Albert Schweitzer (14 January 1875 – 4 September 1965) was an Alsatian polymath. He was a theologian, organist, writer, humanitarian, philosopher, and physician. A Lutheran, Schweitzer challenged both the secular view of Jesus as depicted by the historical-critical method current at this time, as well as the traditional Christian view. His contributions to the interpretation of Pauline Christianity concern the role of Paul's mysticism of "being in Christ" as primary and the doctrine of Justification by Faith as secondary.
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Just as the water of the streams we see is small in amount compared to that which flows underground, so the idealism which becomes visible is small in amount compared with what men and women bear locked in their hearts. . . . To unbind what is bound, to bring the underground waters to the surface: mankind is waiting and longing for such as can do that.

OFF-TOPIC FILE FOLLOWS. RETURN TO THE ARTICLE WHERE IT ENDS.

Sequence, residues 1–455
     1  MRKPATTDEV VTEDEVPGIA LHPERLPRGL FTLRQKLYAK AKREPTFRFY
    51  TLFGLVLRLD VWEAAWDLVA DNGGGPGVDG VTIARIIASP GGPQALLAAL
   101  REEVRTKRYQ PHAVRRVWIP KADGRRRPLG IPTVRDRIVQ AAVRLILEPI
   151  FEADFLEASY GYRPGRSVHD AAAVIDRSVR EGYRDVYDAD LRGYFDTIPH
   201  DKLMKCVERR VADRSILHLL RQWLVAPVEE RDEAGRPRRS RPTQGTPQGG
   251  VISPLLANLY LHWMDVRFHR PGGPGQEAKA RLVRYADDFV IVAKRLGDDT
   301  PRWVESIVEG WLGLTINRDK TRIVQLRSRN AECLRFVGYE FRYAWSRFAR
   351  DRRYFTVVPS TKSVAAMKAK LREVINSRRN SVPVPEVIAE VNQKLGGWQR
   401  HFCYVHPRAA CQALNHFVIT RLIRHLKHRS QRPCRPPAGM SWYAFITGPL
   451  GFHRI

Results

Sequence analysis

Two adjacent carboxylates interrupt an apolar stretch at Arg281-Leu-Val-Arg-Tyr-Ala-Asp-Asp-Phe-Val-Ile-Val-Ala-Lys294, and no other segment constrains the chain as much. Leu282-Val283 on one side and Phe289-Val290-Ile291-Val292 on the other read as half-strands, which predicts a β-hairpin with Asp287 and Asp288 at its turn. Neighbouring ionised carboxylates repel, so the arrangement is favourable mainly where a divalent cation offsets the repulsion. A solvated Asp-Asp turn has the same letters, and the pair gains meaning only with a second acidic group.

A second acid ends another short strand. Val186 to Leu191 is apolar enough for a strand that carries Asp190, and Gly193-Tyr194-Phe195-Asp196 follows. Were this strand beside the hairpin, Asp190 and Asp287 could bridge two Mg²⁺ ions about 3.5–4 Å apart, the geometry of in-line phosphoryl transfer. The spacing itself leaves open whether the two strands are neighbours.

Such is the common process of marriage. A youth and maiden meeting by chance, or brought together by artifice, exchange glances, reciprocate civilities, go home, and dream of one another. Having little to divert attention, or diversify thought, they find themselves uneasy when they are apart, and therefore conclude that they shall be happy together. They marry, and discover what nothing but voluntary blindness had before concealed; they wear out life in altercations, and charge nature with cruelty.
As one reads history . . . one is absolutely sickened, not by the crimes that the wicked have committed, but by the punishments that the good have inflicted; and a community is infinitely more brutalized by the habitual employment of punishment than it is by the occasional occurrence of crime.
If one person is unkind to an animal, it is considered to be cruelty, but where a lot of people are unkind to animals, especially in the name of commerce, the cruelty is condoned and, once sums of money are at stake, will be defended to the last by otherwise intelligent people.
Cruelty is easy, and it breeds only misery. Kindness is harder, and you have to be brave to give it. To be cruel, you can stay closed off from everyone, wear a mask, but to be kind, in essence, to show love, you have to make yourself vulnerable, show your true self to someone and open yourself up to rejection.